With a number of Barbie supporters tweeting lyrics of Taylor Swift’s The Man, nominated supporting actress and actor America Ferrera and Ryan Gosling posting about their disappointment, and tabloids publishing their think pieces about the snubbing “proving the movie’s point”, it is apparent that the non-nomination of both Margot Robbie and Greta Gerwig won’t be let go of without a fight.
Barbie (2023) was one of the most highly anticipated films since the general public heard of its production. Barbie itself has been the most popular doll since time immemorial, and without a doubt, a live-action film of a lot of girls’ and boys’ favorite toy would be flocked around by everyone, longing to know what Greta Gerwig has to say about it and how she’s going to say it. With a star-studded ensemble cast and Gerwig’s known excellence in her filmography particularly covering feminist narratives, Barbie (2023) ended up being the most successful film of the year, grossing over $1.3 billion in tickets globally.
Because of the highly positive reception of the film, everyone was already expecting its domination in the Oscars. And in a shocking turn of events, Miss Barbie herself, Margot Robbie, was not nominated for Best Actress, and neither was Greta Gerwig for Best Director.
A lot of people dubbed Robbie’s and Gerwig’s lack of nomination as unfeminist. After all, a movie that was literally about introducing and deconstructing the patriarchy in a world full of pink really resonated with a lot of women and men living in a world where the conflict of the film is the default. While it received criticism for Mattel perpetuating harmful standards to women since the first Barbie doll was released in 1959 and for the movie only scratching the surface of feminism, it did give Feminism 101 to a lot, and especially to children. Even if the movie was underwhelming for me, I do know that America Ferrera’s speech made some of my friends cry, and a film can only go as far as how it touches people.
But enough about Barbie’s marriage to capitalism and the film both working and not working for individuals. Was the snubbing of the two most important women in the film a disservice to feminism?
It’s not. If anything, the discourse around it averts the attention to the actual wins of women in the lineup of nominees at the 96th Academy Awards. For the first time ever, we’re very close to the possibility of getting the first Native American win at the Oscars with Lily Gladstone’s nomination for best actress. And instead of this milestone for indigenous women being covered by multiple headlines, the talk of the town is the complaint about white women who have long been globally recognized. Lily Gladstone’s Oscar nomination is landscape-defining, just as Michelle Yeoh’s win as the first Asian Best Actress last year was.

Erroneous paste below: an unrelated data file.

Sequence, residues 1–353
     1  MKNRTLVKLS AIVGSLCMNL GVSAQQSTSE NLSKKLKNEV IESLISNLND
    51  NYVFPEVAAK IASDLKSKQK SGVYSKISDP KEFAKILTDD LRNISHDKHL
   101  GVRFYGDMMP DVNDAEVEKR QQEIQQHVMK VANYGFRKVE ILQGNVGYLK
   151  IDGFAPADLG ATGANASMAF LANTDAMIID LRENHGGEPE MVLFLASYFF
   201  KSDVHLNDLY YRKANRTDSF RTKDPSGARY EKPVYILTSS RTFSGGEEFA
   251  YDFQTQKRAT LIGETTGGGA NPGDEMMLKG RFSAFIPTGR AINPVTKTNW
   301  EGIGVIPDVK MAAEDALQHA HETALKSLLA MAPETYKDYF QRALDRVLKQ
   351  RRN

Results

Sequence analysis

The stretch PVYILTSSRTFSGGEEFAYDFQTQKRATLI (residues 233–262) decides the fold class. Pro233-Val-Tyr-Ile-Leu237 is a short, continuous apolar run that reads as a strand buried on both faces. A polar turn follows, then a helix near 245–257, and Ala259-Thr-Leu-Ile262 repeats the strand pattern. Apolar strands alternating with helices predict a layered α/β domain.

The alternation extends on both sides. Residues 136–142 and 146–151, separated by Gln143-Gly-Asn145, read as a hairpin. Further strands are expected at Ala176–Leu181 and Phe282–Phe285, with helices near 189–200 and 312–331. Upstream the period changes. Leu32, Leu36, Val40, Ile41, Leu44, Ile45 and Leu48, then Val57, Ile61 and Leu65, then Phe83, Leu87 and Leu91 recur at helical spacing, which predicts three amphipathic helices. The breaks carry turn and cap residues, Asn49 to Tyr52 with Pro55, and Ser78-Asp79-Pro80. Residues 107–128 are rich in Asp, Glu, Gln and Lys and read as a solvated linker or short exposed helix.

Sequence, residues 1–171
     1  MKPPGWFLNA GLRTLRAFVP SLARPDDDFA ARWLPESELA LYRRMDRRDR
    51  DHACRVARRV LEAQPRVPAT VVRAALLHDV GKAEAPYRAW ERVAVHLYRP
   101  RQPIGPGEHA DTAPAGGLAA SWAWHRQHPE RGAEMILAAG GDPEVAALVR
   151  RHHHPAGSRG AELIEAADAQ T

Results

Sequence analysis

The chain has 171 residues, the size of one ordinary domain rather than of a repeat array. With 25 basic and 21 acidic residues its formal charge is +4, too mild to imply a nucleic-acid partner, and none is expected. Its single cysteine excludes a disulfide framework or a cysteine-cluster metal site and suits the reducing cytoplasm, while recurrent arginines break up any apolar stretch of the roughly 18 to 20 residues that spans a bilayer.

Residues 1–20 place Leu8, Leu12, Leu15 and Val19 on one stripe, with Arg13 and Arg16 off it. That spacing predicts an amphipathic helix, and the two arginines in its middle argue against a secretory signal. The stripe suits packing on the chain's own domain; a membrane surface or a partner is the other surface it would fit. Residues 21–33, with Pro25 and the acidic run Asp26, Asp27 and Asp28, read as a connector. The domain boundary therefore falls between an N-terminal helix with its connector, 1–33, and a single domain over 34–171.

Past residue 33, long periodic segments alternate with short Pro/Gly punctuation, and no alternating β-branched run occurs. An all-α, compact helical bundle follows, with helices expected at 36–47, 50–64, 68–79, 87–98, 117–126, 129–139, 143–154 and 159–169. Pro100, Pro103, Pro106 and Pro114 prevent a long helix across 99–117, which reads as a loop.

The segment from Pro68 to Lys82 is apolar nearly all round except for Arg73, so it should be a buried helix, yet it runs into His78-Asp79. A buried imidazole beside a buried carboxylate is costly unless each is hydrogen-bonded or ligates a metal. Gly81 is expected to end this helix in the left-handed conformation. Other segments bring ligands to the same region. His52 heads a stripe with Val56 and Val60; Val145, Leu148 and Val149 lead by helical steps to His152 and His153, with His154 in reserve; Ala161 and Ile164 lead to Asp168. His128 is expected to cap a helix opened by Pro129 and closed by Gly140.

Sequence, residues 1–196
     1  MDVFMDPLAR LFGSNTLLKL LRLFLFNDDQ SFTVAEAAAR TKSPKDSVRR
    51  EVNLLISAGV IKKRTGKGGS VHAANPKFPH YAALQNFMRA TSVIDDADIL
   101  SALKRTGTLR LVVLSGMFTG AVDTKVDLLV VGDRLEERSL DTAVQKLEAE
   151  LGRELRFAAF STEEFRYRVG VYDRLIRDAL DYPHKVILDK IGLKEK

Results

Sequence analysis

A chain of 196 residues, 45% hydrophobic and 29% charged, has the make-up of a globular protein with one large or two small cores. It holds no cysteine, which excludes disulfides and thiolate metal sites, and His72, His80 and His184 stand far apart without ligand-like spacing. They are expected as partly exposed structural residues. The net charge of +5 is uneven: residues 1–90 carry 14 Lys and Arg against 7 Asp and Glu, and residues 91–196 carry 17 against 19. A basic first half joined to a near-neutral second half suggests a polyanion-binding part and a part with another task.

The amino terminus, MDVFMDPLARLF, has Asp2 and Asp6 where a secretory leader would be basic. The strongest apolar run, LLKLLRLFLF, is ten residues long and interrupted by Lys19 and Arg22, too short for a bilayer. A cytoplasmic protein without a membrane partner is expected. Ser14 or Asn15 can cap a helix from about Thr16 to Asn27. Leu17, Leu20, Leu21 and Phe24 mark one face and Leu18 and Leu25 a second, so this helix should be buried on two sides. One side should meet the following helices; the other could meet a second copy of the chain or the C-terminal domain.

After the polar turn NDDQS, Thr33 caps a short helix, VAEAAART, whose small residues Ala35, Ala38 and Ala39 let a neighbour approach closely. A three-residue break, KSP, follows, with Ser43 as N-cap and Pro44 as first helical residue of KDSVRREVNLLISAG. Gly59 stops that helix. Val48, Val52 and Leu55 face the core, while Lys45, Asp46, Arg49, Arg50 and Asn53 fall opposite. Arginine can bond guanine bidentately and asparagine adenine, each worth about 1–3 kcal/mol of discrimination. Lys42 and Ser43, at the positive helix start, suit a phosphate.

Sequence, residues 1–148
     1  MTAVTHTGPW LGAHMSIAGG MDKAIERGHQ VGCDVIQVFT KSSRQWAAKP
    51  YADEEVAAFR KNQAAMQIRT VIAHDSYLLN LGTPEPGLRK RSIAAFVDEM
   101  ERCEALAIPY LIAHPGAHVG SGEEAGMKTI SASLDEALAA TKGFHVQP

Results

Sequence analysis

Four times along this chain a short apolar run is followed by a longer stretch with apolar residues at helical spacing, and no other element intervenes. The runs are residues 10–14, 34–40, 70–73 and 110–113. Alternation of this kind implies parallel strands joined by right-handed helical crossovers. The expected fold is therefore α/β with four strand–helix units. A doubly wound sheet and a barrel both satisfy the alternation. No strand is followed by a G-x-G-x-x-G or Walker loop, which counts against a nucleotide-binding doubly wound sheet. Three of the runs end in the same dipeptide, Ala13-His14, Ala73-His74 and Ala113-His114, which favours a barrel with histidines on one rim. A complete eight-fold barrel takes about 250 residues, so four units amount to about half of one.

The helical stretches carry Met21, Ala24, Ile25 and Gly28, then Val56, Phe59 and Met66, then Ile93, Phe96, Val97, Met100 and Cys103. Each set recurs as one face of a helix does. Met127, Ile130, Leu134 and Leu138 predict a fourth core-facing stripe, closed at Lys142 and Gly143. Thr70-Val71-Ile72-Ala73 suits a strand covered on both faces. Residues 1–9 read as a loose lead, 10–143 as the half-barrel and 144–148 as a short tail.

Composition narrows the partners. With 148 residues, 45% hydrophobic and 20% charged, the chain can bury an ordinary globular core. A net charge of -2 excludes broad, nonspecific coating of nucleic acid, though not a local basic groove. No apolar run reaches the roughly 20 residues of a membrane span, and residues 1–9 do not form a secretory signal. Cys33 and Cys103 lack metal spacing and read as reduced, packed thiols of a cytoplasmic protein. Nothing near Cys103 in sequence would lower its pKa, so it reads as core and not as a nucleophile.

The cast of Barbie are also giving their two cents on their social media platforms regarding the issue, including America Ferrera herself who just received her first Oscar nomination despite being in the industry for two decades. It’s a sad sight to see how her success as a woman of color in a supporting role in the movie is ultimately overlooked to discuss the unnecessary justice the general public is asking for Robbie and Gerwig.
There are 10 nominees for Best Picture, and only 5 for Best Actress and Best Director. It is clear how both women poured their hearts out in what they did for Barbie, but their absence in the lineup was not a loss, but a gain for other women to get their chance to be under the spotlight. Recognition for women who aren’t that established in the industry yet will bring them wonders, as Twitter user @awards_watch said, “Paraphrasing Viola Davis, an award or a nomination is almost meaningless if it doesn’t turn into opportunities.”
No award show or critic can define what a meaningful film should be to you. Even if Barbie or its cast don’t end up winning these awards (or aren’t nominated), this doesn’t take away the subjective value of media and its personal relationship with each of its audience. Regardless, the movement continues to progress with the new faces of the women in marginalized communities the Academy is amplifying, further grounding the fact that feminism is non-negotiably intersectional.